Ada Jones was a popular mezzo-soprano who recorded from 1905 to the early 1920s.
She was born in Lancashire, England but moved with her family to Philadelphia, Pennsylvania at the age of six in 1879.
She started performing on stage, including juvenile roles in the 1880s. In 1893 or 1894 she recorded some musical performances for the North American Phonograph Co., including "Sweet Marie" and "The Volunteer Organist". But the demise of this company interrupted her recording career and it was not until 1905 that she returned to recording, after a few years doing performances at such locations as Huber's 14th Street Museum in New York City.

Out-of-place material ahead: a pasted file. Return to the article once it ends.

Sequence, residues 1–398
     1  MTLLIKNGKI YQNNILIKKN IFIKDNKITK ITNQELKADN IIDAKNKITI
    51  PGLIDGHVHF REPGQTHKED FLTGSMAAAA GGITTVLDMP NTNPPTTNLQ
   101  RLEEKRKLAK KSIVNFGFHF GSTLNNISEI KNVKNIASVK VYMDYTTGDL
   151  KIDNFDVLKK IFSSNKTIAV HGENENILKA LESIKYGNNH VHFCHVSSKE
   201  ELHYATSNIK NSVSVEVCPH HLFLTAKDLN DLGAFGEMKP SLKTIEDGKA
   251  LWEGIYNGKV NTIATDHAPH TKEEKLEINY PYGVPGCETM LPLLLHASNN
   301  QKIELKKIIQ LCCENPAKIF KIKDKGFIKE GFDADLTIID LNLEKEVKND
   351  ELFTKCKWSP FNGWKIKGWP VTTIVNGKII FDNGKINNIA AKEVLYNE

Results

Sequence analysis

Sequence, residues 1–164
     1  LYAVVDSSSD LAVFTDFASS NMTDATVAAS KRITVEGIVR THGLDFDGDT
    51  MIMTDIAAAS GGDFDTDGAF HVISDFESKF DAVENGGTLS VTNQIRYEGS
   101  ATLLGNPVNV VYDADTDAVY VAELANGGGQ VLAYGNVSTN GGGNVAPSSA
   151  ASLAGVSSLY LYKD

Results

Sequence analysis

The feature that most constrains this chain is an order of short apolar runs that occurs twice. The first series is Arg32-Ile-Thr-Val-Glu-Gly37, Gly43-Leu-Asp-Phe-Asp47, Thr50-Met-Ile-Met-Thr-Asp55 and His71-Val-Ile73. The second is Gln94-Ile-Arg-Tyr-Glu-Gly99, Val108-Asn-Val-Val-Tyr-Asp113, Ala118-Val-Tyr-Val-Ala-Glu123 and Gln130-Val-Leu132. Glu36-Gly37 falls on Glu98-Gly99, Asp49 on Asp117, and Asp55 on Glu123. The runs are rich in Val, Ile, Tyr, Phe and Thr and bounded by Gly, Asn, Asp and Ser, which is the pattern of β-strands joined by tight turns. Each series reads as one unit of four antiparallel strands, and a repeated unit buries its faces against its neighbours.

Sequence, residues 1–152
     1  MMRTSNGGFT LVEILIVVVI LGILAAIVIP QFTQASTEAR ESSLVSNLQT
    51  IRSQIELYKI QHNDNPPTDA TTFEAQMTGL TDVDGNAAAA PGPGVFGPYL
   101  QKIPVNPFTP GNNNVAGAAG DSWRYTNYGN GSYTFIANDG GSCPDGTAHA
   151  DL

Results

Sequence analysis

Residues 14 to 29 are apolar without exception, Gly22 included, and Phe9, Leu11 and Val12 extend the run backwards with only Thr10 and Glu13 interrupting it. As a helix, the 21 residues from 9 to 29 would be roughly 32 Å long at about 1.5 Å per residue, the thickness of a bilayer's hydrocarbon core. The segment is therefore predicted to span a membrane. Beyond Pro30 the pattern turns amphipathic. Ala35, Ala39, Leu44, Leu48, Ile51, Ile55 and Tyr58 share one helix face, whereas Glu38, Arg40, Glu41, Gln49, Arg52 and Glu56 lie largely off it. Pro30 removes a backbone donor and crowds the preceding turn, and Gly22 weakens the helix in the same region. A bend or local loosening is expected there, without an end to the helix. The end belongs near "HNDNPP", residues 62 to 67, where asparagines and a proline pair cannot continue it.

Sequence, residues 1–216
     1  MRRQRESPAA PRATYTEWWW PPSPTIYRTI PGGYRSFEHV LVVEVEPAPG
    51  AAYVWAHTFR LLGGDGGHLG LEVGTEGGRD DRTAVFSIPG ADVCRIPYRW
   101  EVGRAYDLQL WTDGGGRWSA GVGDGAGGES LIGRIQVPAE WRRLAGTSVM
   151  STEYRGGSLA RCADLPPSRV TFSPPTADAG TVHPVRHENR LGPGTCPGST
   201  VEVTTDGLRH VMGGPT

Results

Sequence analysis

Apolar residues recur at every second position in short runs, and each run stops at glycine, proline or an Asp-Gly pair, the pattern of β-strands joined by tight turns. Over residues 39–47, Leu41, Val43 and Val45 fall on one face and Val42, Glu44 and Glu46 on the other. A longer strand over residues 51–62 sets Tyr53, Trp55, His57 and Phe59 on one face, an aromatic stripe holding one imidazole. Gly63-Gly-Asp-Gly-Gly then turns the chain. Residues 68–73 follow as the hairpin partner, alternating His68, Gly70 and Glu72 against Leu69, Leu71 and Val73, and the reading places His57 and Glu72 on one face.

She recorded several duets with Billy Murray and Len Spencer. She sang in a range of accents and dialects. Ada Jones recorded "The Yama Yama Man" in 1909 for Victor Light Opera Company.
The lyrics for verse two and three were changed from the original, verse two being more bawdy. It was the most popular song of her career, spending five weeks at number one. While on tour, Ada Jones died of kidney failure at the age of 48 in North Carolina on May 2, 1922.